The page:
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Chris Doyle


David Mullen ASC
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John Mathieson was kind enough to and came to talk to us once. What I found very interesting was that with 'Love is the Devil', from what I remember him saying, he and the director knew that they wanted to 'mess with the frame' (...can't remember if those were his exact words!) but didn't necessarily know exactly 'what' all the time.

 

From what I could tell filming was a very organic process. This sounds very similar to the way Chris Doyle works with WKW. I find this very interesting, obviously these were 'low' budget films, but I always thought that DPs should plan everything to the last detail, whereas this was definitely not the case for these films. Many DPs seem to work this way - intuitively. However, I suppose you need to be very experienced and really know your stuff to be able to work this way and still make beautiful shots.

 

My teacher also doesn't like to overplan, especially by storyboarding, because he feels they limit your creativity and stop you from really 'looking' at your location and the scene you are about to shoot.

 

Interestingly, John Mathieson and Chris Doyle are friends and try to meet up at Camerimage in Poland if they are free.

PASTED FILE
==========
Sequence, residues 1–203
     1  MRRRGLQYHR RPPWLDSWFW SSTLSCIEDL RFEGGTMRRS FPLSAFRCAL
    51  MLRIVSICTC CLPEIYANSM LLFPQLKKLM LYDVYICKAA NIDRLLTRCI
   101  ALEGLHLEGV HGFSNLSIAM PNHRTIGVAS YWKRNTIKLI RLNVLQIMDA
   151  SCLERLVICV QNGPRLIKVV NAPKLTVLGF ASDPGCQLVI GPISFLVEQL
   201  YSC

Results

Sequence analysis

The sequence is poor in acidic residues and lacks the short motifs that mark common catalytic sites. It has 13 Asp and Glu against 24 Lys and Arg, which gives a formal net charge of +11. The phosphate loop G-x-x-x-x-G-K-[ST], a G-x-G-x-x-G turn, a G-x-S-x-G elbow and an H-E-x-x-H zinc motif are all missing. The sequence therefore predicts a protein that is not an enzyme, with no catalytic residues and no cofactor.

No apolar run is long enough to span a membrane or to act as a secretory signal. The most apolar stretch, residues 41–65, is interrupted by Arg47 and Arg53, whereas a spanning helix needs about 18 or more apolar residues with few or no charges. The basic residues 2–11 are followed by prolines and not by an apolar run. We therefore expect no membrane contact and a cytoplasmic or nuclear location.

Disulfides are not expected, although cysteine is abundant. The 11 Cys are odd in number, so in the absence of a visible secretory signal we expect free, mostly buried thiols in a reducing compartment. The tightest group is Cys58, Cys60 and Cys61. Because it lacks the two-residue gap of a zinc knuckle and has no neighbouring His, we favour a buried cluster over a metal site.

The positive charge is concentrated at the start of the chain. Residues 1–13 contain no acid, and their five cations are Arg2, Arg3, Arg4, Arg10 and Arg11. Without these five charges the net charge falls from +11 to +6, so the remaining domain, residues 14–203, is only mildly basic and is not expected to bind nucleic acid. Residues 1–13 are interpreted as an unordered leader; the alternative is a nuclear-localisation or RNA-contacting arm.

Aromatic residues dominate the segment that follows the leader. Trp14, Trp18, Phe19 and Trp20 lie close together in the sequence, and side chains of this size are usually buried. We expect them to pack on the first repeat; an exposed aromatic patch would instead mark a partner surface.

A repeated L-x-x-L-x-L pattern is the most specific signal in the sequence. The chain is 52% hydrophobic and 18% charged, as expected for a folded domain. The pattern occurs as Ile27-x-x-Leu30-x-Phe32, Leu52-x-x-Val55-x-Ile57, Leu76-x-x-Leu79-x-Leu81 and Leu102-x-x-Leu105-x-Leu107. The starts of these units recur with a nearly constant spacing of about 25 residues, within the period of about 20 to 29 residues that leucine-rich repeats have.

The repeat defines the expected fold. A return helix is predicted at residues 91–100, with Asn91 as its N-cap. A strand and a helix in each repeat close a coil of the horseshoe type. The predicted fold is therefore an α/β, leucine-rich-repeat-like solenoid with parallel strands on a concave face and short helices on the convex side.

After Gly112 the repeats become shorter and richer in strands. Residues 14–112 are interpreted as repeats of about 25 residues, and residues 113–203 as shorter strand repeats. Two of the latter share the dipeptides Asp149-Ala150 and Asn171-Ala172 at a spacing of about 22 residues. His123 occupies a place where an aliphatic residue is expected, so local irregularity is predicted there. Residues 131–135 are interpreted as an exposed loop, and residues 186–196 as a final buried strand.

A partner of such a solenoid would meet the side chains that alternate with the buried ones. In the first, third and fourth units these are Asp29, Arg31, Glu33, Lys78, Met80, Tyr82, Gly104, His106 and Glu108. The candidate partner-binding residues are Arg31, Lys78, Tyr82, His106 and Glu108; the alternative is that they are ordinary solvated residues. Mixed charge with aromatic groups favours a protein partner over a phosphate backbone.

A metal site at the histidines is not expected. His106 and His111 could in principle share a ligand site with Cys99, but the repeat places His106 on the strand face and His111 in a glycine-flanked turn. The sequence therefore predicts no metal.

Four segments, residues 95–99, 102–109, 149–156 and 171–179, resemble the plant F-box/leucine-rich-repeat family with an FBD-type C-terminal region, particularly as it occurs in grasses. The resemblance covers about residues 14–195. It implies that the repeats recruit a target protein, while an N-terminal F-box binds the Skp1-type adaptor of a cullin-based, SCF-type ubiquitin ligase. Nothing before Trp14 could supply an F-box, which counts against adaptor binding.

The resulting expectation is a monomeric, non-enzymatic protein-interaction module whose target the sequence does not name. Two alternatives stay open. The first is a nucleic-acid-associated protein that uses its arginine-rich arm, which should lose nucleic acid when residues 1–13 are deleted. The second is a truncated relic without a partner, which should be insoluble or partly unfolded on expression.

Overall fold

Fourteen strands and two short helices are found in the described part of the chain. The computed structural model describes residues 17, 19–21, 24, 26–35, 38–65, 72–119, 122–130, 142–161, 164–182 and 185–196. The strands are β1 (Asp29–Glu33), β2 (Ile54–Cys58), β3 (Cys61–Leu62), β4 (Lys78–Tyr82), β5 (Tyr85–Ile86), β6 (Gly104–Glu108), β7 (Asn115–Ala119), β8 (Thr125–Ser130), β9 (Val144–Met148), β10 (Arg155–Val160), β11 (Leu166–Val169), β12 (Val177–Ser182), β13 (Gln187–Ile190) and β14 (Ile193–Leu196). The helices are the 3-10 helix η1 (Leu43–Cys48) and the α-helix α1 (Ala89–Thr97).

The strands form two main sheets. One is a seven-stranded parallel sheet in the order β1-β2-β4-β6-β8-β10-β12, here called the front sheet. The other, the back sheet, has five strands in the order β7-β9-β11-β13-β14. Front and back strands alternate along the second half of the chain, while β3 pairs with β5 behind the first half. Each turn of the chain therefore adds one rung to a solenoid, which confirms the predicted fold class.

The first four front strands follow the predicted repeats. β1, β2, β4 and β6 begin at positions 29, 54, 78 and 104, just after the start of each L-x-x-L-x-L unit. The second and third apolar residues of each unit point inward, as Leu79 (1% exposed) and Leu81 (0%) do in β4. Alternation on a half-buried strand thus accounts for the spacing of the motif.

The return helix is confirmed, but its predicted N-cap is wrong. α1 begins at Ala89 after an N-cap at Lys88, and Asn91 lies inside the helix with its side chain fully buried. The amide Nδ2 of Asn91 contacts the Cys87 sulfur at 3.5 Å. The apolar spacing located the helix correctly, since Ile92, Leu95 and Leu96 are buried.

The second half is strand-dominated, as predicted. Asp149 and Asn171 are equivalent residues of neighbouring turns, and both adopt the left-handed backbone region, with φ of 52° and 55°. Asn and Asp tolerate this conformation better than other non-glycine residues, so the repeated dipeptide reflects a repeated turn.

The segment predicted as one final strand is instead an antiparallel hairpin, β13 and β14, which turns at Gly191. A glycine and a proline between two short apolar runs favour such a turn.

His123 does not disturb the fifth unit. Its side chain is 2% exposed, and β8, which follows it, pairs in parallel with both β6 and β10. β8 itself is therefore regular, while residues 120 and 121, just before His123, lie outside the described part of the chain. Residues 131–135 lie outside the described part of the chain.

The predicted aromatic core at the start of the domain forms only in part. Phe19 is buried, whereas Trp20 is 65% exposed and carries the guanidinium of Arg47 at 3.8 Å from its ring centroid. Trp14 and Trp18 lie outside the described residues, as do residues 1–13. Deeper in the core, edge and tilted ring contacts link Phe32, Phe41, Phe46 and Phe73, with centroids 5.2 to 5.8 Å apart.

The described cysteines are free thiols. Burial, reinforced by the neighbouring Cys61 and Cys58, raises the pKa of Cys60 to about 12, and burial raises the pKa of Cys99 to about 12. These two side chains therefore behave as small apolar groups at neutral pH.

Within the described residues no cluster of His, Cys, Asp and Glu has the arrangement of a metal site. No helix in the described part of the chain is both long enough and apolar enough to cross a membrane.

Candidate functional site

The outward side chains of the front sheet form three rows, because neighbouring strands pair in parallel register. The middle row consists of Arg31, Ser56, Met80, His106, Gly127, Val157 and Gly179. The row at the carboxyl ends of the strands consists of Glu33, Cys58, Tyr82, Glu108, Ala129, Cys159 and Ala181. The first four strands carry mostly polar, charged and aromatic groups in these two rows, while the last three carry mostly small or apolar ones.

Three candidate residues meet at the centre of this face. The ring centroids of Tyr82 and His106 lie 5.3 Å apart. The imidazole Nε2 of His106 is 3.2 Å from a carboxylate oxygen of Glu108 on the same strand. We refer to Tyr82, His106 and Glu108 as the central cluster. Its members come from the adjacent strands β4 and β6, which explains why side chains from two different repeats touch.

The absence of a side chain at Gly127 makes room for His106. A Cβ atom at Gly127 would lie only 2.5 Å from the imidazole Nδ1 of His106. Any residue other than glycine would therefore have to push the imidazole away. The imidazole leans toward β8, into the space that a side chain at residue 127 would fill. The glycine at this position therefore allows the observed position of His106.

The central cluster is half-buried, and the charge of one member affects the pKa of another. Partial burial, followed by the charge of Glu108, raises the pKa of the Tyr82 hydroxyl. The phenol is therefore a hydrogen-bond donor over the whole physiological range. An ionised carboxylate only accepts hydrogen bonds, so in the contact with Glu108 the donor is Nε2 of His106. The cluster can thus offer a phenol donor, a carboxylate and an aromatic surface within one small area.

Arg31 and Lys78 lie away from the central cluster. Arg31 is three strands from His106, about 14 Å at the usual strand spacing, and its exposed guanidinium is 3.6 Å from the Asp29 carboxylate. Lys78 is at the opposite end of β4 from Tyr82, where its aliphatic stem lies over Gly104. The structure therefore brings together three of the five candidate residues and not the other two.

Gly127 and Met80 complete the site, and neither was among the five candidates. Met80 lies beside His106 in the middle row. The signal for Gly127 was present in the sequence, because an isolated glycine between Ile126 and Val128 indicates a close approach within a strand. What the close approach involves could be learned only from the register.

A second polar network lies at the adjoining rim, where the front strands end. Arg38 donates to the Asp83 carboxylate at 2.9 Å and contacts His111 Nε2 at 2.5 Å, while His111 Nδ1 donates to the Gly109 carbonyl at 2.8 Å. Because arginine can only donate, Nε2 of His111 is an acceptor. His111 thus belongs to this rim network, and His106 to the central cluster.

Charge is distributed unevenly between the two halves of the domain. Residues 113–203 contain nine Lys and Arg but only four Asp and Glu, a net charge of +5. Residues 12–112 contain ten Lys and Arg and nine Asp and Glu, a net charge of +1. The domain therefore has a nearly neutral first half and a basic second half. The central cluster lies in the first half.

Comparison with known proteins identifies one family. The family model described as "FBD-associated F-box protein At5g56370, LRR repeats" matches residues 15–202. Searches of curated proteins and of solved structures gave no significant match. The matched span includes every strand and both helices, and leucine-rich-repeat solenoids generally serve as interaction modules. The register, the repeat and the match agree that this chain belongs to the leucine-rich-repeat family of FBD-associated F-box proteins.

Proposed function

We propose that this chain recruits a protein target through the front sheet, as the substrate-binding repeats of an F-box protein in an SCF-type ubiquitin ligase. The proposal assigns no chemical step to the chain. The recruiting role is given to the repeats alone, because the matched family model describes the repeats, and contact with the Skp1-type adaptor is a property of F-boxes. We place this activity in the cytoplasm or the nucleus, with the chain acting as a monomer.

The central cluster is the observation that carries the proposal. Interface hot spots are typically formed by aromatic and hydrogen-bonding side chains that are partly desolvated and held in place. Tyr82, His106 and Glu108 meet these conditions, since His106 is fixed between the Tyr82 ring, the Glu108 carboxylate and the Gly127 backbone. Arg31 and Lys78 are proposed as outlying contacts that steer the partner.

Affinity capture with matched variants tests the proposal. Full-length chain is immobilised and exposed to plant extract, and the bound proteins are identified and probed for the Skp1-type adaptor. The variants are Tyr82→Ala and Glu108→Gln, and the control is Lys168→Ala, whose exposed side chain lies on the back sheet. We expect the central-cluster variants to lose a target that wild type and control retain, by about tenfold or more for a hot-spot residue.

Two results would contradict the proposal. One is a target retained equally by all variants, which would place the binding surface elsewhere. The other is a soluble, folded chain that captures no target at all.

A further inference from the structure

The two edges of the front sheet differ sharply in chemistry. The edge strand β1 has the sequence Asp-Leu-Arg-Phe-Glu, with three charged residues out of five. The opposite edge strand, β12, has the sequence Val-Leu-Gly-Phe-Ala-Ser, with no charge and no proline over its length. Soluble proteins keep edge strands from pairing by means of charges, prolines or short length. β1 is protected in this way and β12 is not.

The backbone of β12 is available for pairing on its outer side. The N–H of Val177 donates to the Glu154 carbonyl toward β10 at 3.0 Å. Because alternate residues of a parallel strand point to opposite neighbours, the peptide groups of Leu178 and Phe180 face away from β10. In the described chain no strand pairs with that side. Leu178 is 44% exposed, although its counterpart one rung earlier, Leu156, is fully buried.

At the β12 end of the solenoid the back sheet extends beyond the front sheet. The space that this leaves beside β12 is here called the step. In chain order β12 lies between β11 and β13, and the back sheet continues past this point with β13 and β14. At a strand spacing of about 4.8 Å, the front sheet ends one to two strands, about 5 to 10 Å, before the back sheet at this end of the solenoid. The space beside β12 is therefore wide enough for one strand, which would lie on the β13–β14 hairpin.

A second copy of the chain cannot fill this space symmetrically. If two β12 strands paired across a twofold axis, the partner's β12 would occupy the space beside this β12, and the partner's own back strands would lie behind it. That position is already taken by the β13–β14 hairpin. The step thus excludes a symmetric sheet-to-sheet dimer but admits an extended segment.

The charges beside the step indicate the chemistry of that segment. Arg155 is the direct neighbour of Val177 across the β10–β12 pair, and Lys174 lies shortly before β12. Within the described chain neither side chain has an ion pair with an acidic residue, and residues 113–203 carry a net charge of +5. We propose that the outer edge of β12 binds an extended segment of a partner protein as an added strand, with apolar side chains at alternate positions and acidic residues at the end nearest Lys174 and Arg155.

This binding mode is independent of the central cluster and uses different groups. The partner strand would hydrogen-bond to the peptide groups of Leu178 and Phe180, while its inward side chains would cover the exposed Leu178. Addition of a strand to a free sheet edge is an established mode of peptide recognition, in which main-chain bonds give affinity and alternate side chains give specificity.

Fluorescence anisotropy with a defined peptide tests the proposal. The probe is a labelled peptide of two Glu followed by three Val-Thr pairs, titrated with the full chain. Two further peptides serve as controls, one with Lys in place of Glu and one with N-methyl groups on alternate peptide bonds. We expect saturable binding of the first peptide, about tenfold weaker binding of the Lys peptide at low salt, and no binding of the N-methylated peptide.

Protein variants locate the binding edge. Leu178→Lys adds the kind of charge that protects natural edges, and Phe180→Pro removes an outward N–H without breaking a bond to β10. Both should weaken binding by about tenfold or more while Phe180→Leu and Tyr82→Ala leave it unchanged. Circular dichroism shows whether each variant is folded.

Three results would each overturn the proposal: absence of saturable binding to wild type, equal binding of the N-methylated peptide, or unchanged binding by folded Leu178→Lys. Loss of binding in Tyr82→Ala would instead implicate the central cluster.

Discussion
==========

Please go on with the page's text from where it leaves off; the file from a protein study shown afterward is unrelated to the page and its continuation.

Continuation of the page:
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Dear fellas,

Yeah yeah, free speech and all that... I was kidding! It was just an ironic sentence. Haven?t you noticed the smiley? Really, I was being ironic over all this Chris Doyle super hype we are living on. That?s it. I love him, I think he?s great, and best of all, he have guts. I?m just a little bit tired of all those who want to be him, who wants to get a light like his. It happens always when there is a new top#1 and all the mediocre wannabe him. And I?m not saying Tom wanted to be like Doyle or so? I was just trying to raise the level of discussion away from blowjob worship. Ups!, I did it again, sorry? Yes, 2048 is wonderfully composed. No complaint about it.

Tom, check these out to be also considered examples of superior composed films. Some old films but very modern at the same time, which is the best I can say about them. Let?s see if Doyle films pass the time test:

 

Samurai Rebellion, The Hidden fortress, The Ox-Bow incident, Nicholas & Alexandra,

The Double life of Veronique, Old Boy, The Train?